In the given article the author examines the Lancasterian System of Education established in Bessarabia on May 28, 1823 at the proposal of Count I.A. Kapodistrias. Initially, these schools were opened in Chișinău, Bălți and Ismail, and later in Bender and Hotin. Education in them was based on a system of mutual learning.

The founder of the Lancasterian System of Education was an English teacher Joseph Lancaster, who was teaching poor children without payment. The originality of this system is that its methods do not have a purely religious character; we can say that the teaching of religion was limited to reading the Bible without its interpretation. It should be noted that the mutual education system in Bessarabia was introduced at the behest of Alexander I.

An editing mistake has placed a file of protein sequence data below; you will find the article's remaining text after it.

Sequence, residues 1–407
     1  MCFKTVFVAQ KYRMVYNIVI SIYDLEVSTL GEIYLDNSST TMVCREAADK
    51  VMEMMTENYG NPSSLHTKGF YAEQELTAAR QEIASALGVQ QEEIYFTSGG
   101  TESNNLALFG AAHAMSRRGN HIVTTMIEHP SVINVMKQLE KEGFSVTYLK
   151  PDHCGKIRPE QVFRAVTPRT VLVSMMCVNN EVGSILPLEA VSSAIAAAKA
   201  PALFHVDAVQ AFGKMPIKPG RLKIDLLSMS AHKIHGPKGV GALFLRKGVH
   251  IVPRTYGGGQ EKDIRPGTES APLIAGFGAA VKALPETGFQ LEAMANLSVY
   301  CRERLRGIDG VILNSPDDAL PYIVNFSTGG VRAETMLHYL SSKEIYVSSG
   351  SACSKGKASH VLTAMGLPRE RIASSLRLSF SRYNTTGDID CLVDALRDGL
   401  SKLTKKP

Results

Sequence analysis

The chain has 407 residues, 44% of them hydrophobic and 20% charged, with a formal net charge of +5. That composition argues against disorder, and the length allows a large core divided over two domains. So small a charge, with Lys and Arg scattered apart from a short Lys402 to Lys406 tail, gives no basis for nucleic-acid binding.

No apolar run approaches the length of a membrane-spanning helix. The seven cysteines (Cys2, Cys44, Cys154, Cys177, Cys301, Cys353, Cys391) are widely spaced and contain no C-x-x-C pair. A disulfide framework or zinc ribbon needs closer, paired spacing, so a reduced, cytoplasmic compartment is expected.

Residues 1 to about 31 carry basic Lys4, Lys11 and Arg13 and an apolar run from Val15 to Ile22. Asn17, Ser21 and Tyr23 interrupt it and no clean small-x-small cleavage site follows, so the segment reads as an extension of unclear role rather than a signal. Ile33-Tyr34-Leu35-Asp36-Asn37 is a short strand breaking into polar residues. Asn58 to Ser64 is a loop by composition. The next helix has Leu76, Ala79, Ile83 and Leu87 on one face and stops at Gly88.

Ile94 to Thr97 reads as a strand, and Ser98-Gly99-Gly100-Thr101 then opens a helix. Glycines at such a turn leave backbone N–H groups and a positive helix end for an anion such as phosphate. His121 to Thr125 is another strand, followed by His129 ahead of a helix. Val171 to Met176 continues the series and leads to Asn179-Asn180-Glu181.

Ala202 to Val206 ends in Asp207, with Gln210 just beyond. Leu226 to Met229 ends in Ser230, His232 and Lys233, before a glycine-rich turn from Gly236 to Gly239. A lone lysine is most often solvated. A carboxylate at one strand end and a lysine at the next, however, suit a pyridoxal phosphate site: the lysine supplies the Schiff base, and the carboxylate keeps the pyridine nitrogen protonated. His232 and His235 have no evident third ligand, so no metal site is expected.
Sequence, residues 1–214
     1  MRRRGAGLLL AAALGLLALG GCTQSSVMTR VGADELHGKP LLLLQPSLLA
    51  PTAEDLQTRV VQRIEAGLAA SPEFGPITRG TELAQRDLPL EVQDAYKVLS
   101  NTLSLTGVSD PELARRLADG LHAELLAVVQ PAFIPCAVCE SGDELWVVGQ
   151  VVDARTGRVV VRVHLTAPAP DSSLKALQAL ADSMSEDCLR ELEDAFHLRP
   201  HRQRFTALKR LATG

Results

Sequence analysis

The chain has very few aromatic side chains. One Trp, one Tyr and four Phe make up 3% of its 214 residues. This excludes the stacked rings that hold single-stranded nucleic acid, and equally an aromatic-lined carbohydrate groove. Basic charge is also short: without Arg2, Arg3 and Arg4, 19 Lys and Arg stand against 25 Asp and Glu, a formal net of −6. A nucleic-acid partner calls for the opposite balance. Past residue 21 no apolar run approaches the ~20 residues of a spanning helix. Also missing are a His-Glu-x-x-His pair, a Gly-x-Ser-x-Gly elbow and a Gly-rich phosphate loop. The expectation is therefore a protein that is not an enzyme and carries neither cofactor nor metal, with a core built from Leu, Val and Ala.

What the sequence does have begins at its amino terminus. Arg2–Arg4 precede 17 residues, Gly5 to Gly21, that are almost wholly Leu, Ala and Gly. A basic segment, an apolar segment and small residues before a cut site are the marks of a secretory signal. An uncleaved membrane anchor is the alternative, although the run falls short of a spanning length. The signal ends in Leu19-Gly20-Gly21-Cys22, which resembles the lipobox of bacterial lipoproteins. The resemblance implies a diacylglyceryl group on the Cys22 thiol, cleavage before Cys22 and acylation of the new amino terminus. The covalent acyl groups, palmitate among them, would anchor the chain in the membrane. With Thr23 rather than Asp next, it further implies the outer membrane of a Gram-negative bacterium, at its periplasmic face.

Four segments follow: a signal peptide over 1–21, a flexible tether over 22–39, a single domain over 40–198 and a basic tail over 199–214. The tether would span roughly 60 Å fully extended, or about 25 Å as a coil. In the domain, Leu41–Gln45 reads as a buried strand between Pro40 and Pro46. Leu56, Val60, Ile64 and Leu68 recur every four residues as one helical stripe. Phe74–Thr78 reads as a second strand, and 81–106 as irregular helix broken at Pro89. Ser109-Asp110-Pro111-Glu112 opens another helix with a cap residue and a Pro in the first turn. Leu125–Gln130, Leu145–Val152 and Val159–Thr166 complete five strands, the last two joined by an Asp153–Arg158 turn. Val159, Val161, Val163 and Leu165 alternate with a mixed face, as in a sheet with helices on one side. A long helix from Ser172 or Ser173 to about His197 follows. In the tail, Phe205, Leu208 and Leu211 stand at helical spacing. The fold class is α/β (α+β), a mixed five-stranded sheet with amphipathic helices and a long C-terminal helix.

The first Lancasterian school was opened in Chisinau on February 7, 1824 (under the leadership of Iacob Hâncu), then in Bălți – on 11 May (under the leadership of Teodor Bobeicu), and in Ismail – on 26 May of the same year (under the leadership of Lavrentiy Kunitsky). In 1824, at the request of the Rector of the Chișinău Theological Seminary V. Purishkevich there have been established two schools: the first one was opened on March 13 in Bender, having as a teacher the graduate of the Theological Seminary Andrei Timoshevsky, and the second – on December 7 in Hotin, having as a teacher the graduate of the same Seminary Ioan Rodostat. In 1833, in these 5 Lancasterian schools there were studying 375 students: in the school from Chișinău - 136 students, from Ismail – 77, from Balti – 40, from Hotin – 73 and from Bender – 49 students. Apart from these fi ve schools, in this period a Lancasterian school was functioning in the Bulgarian colony of Bolgrad in the Ismail County. In 1843 Lancasterian schools were also opened in Orhei, Soroca, Cahul, and on August 14, 1846 the second such a school was established in Chișinău.